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Role of Common Biochemical Markers for the Assessment of Fracture Union

By M. Mukhopadhyay, R. Sinha, M. Pal, S. Bhattacharyya, A. Dan and M. M. Roy

Abstract

The progress of fracture union requires close monitoring. Whereas, clinical examination and radiographic studies assess the outcome, biochemical markers like serum alkaline phosphatase and urinary hydroxyproline reflect the actual status of bone resorption and bone formation over a short time frame. 36 patients of long bone fracture were randomly allocated for the study. When the patient reported to the Department of Orthopedics after fracture, serum and urinary samples were collected and X-ray of the affected part were taken. Subsequent samples were collected and X-ray taken just after management (either operative or conservative), after 3rd, 5th, 8th and 12th week, respectively after onset of fracture. According to the course of callus formation the patients were divided into two groups that progressed to proper union or malunion. The levels of serum alkaline phosphatase, urinary total and free hydroxyproline levels were measured and statistically analysed and compared. A statistically significant positive correlation between total urinary hydroxyproline excretion and serum alkaline phosphatase indicate progress towards satisfactory union. Thus, serial monitoring of biochemical markers of bone turnover can be used as an adjunct to clinical and radiological evidence of fracture healing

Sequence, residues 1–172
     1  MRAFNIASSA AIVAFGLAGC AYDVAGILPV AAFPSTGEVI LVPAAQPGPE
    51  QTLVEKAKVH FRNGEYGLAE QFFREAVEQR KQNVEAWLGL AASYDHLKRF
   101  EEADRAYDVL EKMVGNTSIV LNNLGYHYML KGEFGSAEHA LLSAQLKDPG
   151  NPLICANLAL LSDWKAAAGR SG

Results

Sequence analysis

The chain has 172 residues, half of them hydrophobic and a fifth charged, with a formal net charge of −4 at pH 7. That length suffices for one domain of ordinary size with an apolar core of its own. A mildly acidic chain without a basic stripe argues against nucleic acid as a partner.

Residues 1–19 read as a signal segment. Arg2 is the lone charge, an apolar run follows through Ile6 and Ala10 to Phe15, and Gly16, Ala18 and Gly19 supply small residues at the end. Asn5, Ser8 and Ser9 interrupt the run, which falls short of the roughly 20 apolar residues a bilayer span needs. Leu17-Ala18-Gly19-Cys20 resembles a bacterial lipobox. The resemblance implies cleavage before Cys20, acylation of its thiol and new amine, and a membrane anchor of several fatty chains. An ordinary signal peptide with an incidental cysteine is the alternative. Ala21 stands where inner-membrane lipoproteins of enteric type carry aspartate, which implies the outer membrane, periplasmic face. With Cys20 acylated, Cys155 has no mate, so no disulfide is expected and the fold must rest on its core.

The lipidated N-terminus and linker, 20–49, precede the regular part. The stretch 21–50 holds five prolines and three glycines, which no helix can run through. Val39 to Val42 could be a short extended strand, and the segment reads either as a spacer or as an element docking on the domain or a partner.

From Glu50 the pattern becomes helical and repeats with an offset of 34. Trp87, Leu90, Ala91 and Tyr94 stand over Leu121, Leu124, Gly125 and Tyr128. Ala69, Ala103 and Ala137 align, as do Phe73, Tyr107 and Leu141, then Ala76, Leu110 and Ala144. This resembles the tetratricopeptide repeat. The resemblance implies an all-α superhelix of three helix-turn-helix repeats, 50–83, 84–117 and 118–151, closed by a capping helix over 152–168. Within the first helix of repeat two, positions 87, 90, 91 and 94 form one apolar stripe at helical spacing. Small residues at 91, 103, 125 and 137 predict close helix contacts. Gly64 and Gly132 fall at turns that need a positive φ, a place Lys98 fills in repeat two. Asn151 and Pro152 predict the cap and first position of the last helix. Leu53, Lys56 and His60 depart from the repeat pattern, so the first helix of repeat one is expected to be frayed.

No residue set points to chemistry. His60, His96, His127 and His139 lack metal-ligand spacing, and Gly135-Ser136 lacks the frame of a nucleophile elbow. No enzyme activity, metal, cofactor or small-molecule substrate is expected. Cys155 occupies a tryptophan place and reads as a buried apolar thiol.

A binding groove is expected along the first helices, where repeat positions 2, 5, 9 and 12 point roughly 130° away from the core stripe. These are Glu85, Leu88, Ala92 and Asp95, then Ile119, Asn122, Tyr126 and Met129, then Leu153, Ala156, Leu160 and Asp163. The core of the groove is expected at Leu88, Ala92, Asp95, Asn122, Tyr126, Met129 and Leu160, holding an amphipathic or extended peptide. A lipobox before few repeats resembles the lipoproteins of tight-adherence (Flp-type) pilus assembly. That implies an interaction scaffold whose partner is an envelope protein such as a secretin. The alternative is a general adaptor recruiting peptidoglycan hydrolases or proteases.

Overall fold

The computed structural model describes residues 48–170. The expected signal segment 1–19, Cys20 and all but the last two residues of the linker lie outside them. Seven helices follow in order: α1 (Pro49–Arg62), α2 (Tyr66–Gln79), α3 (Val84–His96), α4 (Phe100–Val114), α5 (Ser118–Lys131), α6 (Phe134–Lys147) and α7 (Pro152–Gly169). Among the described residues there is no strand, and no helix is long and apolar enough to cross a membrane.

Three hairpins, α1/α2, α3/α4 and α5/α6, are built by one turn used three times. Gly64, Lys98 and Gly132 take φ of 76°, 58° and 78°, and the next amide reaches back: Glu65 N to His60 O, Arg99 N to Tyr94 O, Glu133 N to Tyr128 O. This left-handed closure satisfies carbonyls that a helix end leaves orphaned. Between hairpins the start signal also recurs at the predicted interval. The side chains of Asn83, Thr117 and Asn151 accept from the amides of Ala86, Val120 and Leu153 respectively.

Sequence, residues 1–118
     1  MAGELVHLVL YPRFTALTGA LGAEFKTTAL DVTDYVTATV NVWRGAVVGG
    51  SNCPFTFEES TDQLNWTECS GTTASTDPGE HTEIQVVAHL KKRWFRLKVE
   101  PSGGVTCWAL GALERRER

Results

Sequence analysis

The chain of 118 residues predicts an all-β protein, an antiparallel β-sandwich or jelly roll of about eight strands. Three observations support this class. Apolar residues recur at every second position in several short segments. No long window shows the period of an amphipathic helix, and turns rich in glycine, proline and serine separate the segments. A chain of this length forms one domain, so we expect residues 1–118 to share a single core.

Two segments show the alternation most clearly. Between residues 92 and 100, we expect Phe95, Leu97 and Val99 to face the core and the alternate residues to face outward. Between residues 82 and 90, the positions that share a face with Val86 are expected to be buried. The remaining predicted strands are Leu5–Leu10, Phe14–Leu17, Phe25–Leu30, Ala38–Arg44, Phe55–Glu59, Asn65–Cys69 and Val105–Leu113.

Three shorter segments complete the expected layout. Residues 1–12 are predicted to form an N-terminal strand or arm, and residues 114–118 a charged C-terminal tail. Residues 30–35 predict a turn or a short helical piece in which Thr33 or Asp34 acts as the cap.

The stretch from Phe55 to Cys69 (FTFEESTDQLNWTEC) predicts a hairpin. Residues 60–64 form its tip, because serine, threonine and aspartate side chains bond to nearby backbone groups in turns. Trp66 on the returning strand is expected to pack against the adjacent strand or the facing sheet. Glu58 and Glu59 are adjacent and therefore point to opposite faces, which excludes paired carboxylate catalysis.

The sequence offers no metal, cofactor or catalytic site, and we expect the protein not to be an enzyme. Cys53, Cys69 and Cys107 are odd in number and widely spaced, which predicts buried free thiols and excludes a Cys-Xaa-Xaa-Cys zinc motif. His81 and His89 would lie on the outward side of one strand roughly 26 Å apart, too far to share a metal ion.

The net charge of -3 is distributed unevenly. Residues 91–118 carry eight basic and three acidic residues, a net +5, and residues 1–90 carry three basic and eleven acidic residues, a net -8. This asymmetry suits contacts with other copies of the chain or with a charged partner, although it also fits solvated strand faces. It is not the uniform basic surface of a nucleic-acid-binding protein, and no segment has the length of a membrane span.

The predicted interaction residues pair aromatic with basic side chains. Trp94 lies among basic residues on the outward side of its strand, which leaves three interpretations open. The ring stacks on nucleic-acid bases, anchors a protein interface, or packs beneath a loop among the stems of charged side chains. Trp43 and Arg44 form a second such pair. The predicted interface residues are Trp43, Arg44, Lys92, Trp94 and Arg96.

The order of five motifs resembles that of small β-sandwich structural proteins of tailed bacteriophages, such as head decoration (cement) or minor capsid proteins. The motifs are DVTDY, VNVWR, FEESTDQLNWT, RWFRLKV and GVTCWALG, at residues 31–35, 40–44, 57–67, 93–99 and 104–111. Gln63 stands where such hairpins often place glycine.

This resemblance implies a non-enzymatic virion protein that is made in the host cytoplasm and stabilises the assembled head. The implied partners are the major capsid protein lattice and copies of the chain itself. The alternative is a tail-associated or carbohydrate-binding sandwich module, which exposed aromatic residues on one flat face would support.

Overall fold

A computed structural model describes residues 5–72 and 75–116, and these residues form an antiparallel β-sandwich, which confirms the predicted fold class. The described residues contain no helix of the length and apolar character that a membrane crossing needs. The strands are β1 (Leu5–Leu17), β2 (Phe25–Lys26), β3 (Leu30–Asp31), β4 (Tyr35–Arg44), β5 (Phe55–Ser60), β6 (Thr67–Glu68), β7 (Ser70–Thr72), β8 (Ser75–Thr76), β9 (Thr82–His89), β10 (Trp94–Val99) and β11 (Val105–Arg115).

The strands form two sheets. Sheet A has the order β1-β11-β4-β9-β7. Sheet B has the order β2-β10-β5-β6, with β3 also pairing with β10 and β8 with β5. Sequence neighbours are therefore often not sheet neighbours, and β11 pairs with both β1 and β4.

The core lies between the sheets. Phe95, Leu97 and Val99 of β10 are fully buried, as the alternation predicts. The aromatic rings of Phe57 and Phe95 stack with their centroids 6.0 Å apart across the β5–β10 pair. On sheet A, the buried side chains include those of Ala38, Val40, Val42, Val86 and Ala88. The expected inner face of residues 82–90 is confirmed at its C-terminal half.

Topics: Original Article
Publisher: Springer-Verlag
OAI identifier: oai:pubmedcentral.nih.gov:3162953
Provided by: PubMed Central
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